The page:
Ordinary plastic cups from your kitchen won't do for the sport of competitive speed stacking, as regulated by the World Sport Stacking Association. Each stacking event requires a specific number of specially designed cups to make the standard formations. Sport stackers compete to build, or "up stack," and deconstruct, or "down stack," cups into various formations in the fastest time. The WSSA's four official events begin with the cups in nested stacks. The clock stops when stacker returns the cups to the nested formation.
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The 3-3-3 Stack event requires nine cups. The formation consists of three separate stacks made up of three cups each. In this as in all speed stacking events, a stacker can up stack from left to right or right to left depending on personal preference.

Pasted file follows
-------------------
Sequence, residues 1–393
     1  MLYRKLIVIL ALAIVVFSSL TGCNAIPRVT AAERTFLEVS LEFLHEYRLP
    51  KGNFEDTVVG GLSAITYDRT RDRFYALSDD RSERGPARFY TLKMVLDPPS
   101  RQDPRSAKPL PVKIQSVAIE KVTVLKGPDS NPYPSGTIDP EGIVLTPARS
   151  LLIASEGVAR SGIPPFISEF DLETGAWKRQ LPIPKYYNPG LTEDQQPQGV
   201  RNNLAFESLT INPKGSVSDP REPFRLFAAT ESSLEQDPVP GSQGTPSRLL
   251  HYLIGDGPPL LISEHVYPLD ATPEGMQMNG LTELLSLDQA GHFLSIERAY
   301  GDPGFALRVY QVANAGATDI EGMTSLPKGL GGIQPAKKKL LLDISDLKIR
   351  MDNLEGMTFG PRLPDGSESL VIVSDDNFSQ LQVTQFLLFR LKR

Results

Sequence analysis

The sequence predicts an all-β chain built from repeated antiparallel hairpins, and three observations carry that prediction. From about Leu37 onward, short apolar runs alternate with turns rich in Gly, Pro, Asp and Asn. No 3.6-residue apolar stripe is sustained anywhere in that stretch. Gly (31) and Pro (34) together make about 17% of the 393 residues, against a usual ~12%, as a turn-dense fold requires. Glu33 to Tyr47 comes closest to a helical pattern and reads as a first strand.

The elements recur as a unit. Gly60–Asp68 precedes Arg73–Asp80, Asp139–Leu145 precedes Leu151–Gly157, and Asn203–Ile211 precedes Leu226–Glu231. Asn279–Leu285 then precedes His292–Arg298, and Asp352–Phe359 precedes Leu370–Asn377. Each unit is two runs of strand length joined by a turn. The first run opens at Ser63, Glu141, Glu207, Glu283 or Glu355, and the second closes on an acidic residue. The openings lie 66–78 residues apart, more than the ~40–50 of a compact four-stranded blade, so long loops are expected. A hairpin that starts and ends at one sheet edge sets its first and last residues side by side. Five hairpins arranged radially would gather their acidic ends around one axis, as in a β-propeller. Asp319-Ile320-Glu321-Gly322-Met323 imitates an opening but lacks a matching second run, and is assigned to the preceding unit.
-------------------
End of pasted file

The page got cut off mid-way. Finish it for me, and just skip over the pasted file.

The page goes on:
3-6-3 Stack and Timed Relay
Performing the 3-6-3 Stack calls for 12 cups -- two stacks of three cups on the outside and a centre stack consisting of six cups. The 3-6-3 Relay, which also requires the use of 12 cups, follows the same formation as the 3-6-3 Stack. This time, each member of a team builds the formation in succession. Teams compete against a clock or against another team for the fastest time. A relay stacker must wait with both feet behind the start line until the previous team member places one foot behind the line before approaching the stacking table.
The Cycle Stack combines 12 cups into three separate formations stacked in sequence. Stackers start with a 3-6-3 stack followed by a 6-6 stack with two stacks of six cups each. The cycle ends with a 1-10-1 stack with ten cups in the centre and a single cup on each side.
The Doubles event is identical to the Cycle Stack except that two people work together to create the stacks. One stacker may only use his left hand while the other may only use his right hand. The teammates work with 12 cups in this event.
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